Tammy Stroup, Ridgway Marshal
Story by Kathryn R. Burke
[Ridgway, Colo. November 15. 2017] Tammy Cares—those two words sum up this unique woman and perfectly describe her personal and professional worldview. Marshall Stroup’s door, like her mind, is always open. “If you come in here,” Tammy says, “you will be heard. And you will be treated with respect.”
Respect and compassion. Those are this marshall’s watchwords. Tammy is a compassionate woman—which makes her particularly effective in law enforcement.
Tammy’s journey into compassion began as a child. She grew up in Montrose, Colorado, where she spent a lot of time on her grandparents’ sheep farm. Many of us who live here know her grandmother, LaVonne (Blondie) Campbell, a lifelong sheep rancher and still very active in the Wool Growers Association here. From her grandmother, who she calls her ‘lifelong mentor,’ Tammy learned to love and respect animals—and people.
Tammy studied biology in college, planning to go into veterinary medicine, but an incident when she was a young mother, living with her law-enforcement husband in Glenwood, changed her course. She witnessed a domestic incident where the (victim?) woman was disrespectfully and harshly treated by the responding officers, resulting in personal injury. “It didn’t have to be that way,” she said. “It doesn’t matter what your cultural or economic background, it doesn’t matter if you are a victim or the victimizer, accused or accuser, you deserve to be treated with respect.”
She cited a recent experience demonstrating how that works. She was working at the District Attorney’s Office and called out to contact a man who she suspected had a warrant. “I ran him before contacting him,” she said. “And he did have a felony warrant. I called in for help (since I didn’t have a cage in my car), but was told there was ‘no one available to respond.’” (Another example of the difficulty female law-enforcement personnel face in a male-dominated profession.) Tammy approached the man, who had children in the house, and very respectfully asked for his cooperation, so as not to disturb his family. He complied. “He got in his own car and followed me to Montrose County Jail, where I was able to pat him down and book him.” Much to the consternation of those who thought she couldn’t handle the situation without appropriate backup. “One thing I’ve learned, like many other women in my profession, is that we have to work a little harder to prove ourselves. Being female in this kind of work can be excruciating.”
But it can also be rewarding. “I truly love law enforcement,” Tammy said. “It gives me a chance to help people, and that’s who I am, what I’m about. I love to help people.” Along the way, she mastered compassion as part of “learning not to be judgmental. You need to reach out to people, let them know you are there to help.”
After a death in the family, Tammy returned to Montrose with her two daughters: Kelsey, now 18 and with Western Colorado Regional Dispatch Center (WESTCO), and Hailey, a budding businesswoman. Tammy worked as an investigator with the District Attorney’s office in the 7th Judicial District (San Miguel, Ouray, Montrose, Delta, Hinsdale, and Gunnison counties), where she was an investigator. “I worked all kinds of cases,” she said, “from homicide to domestic abuse to various other kinds of crime.” She was there just shy of 10 years, rapidly rising to the position of Chief Investigator.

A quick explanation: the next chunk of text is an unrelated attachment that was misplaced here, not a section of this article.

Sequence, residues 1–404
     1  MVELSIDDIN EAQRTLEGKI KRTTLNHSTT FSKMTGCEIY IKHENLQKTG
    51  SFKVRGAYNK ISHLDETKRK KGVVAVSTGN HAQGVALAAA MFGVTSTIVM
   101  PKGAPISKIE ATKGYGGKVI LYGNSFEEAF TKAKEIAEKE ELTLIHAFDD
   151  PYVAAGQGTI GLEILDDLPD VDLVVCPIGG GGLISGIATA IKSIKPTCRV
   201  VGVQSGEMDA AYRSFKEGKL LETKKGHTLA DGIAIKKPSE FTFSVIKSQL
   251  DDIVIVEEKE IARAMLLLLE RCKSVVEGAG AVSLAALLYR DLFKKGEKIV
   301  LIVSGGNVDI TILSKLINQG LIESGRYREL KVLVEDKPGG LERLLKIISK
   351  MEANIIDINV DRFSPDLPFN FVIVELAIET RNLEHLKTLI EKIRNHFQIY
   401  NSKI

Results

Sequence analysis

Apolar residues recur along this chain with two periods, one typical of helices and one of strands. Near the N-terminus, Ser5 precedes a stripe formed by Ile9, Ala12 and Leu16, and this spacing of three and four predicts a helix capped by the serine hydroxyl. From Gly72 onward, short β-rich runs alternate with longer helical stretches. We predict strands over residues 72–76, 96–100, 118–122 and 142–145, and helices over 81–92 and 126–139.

Tammy also put in some time (after leaving the DA’s office) with the Dolphin House, that helps children in distress or compromise. That, too, arose from compassion, and a desire “to do the right thing for people.” While working on the front range, she was involved in a child abuse case, where “a grandfather was given custody of an 18-month- old child after the divorced mother’s new husband beat the child causing brain injury.” Sadly, the child was returned to his mother after she and her husband went through parenting counseling. Within a few months, the child was back in the hospital with a fatal brain injury, caused by the stepdad. Tammy sat with that grandpa through the subsequent trial, and cried with him, helping him understand and accept that it was not his fault that the boy died. Compassion is a big part of police work, and Tammy takes that to heart.
She also takes her family to heart. Her husband, Billie Stroup, is a Sergeant in the Montrose PD. Both her daughters are doing well and living in Montrose. Grandma Blondie Campbell is nearby, and as big an influence today on Tammy’s 7-year-old son, Gage, as she was when Tammy was that same age. “They are my life,” she says simply. That life also includes two dogs, a German Shepherd named Marley and a lab called Koda. What goes around…
So, Tammy’s journey from a Montrose County sheep ranch to a marshall in Ridgway, Colorado is a natural progression. She’s been heading there since she was her son’s age. Tammy’s doing what she loves, and doing it with care and compassion. The sign on her office wall says: “Do what is right; not what is easy.” Tammy does it right.
Tammy Stroup lives and her family live in Montrose Colorado. Her husband and daughter are also in law enforcement.
This article also appears on website for the Woman’s Club of Ouray County. Designed and maintained by Kathryn R. Burke